Restless Books Immigrant Writing Prize

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Author Ilan Stavans was frustrated and disgusted by the few number of books from his native country translated to English every year. In 2013, only five literary books from Mexico were printed as English editions, according to Nathan Rostron, book editor, writer, and director of marketing for Restless Books.

Stavans, a professor of Latin American and Latino culture at Amherst College, decided to team up with Joshua Ellison, the founding editor of Habitus, a literary journal of Jewish culture and literature.

“They were both interested in publishing international literature—books in translation—so they started Restless Books as an e-book publisher,” says Nathan Rostron, book editor, writer, and director of marketing for Restless Books.

In March, the Brooklyn-based independent company expanded its reach to include print publishing.

“Ilan always wanted to make a way to promote writing from immigrants and to increase the visibility of immigrant artists and also just telling immigrant stories,” Rostron says.

So they came up with the idea of the Restless Book Prize for New Immigrant Writing.

“I kind of think of it as it’s for first time, first generation authors,” Rostron says, adding that people have very strong opinions about what first generation means. “We leave it open to self definition. So some people think that first generation means you’re the first generation born in America. Other people consider it the first generation who moved to America. We let you self define.”

The contest will alternate every year between fiction and non-fiction. This year, the genre is fiction, and the reading period for entries is now through December. Submissions of manuscripts are being accepted online only at The grand prize? A $10,000 advance and publication by Restless Books. The winner will be announced in the spring and published in Fall 2016. And the selected works of five finalists will be published in a digital chapbook. More details about prize and entry requirements are online.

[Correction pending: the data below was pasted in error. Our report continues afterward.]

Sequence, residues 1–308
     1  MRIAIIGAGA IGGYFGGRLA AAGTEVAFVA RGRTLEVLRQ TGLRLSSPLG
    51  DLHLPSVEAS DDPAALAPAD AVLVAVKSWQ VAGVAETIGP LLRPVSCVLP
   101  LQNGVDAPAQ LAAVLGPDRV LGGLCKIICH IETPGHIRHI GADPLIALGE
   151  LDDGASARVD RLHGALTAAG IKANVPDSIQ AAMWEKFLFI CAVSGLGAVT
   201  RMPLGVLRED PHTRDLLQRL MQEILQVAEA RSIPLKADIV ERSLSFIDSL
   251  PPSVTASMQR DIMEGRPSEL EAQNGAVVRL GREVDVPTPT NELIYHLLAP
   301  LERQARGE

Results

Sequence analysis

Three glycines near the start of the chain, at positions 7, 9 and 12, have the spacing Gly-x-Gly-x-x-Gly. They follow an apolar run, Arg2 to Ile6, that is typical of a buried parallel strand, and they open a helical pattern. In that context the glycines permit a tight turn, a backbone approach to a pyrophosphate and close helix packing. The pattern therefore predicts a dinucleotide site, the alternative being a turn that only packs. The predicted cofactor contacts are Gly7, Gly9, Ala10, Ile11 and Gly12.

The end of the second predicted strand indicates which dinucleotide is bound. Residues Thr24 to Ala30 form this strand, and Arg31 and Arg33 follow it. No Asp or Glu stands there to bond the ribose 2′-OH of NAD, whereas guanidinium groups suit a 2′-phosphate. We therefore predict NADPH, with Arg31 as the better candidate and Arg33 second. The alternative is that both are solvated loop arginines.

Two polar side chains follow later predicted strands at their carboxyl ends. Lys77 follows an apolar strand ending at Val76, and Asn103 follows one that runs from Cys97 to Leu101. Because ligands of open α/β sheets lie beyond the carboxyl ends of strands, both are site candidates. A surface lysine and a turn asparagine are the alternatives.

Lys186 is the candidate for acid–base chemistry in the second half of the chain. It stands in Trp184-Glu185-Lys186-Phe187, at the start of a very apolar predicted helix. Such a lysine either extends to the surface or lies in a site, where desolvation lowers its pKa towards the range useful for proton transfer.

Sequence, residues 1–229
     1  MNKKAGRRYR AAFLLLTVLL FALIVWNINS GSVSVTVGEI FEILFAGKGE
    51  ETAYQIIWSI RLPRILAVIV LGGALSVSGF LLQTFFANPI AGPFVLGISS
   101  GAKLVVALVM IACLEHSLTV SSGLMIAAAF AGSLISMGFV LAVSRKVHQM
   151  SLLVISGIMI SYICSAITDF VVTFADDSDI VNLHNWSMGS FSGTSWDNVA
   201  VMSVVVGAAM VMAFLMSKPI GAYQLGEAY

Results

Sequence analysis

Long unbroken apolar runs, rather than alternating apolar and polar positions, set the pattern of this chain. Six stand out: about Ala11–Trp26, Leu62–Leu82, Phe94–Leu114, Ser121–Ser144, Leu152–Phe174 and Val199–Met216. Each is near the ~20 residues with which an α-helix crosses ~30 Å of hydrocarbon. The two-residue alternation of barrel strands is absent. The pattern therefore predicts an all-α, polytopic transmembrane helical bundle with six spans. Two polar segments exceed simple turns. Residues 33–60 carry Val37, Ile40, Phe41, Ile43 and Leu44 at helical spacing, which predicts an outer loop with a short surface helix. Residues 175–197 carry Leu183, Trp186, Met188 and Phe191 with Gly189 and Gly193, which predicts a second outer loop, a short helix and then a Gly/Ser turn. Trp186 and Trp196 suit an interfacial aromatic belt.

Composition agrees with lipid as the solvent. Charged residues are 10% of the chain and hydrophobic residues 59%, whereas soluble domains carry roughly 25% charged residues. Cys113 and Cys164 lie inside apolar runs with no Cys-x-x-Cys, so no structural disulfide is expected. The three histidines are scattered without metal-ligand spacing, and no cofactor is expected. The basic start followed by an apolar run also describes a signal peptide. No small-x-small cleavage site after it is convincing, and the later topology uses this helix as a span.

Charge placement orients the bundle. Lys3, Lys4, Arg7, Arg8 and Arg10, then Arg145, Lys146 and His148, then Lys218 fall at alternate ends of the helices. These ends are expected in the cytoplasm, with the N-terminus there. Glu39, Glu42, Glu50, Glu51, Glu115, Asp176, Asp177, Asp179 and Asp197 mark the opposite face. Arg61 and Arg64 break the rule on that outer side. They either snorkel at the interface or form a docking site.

Stavans, whose latest book Quixote, The Novel and the World was published this past September, is one of this year’s judges. The other judges are Maaza Mengiste, an Ethiopian-American writer and documentary maker, and Javier Molea, a New York bookseller who launched a bilingual publishing company.

Rostron insists there’s a need for more stories written by people of diverse backgrounds. He says the publishing world is centered in New York City and staffed by “really well-meaning, liberal-minded white people for the most part.”

“Of course, that’s not entirely true, but I would venture that it’s at least 75 percent white to kind of upper middle class, liberal arts colleges, a lot of Ivy League,” Rostron says. “So the danger is always that we don’t want to be talking to ourselves. We want to be hearing from people who are not us.”

Ultimately, for Rostron it’s about the voice and the writing itself, about a story readers haven’t heard before.

“It’s impossible to define the thing you’re looking for when the thing you’re looking for is something you haven’t seen,” he says. “So we’re looking to be delighted and surprised by talented young writers. It doesn’t have to be off the wall. It could be a traditional story but from a unique point of view.”

Stella Chávez is an education reporter at KERA Public Radio in Dallas. She spent nearly 13 years in newspapers, including six and a half years at The Dallas Morning News. She’s won numerous awards, including the 2007 Livingston Award for Young Journalists in National Reporting, which honors outstanding reporting by journalists under the age of 35. The award-winning entry was “Yolanda’s Crossing,” a seven-part series she co-authored that reconstructs the 5,000-mile journey of a young Mexican sexual-abuse victim from a small Oaxacan village to Dallas. In her spare time, she enjoys writing about her experience as a caregiver.

Find her personal essays: My Parents’ Keeper.

Hear her: Iraqi Refugee Death Puts Spotlight On Crime-Ridden Dallas Neighborhood

Read her series on first-generation Texans and their educators: American Graduate: Generation One

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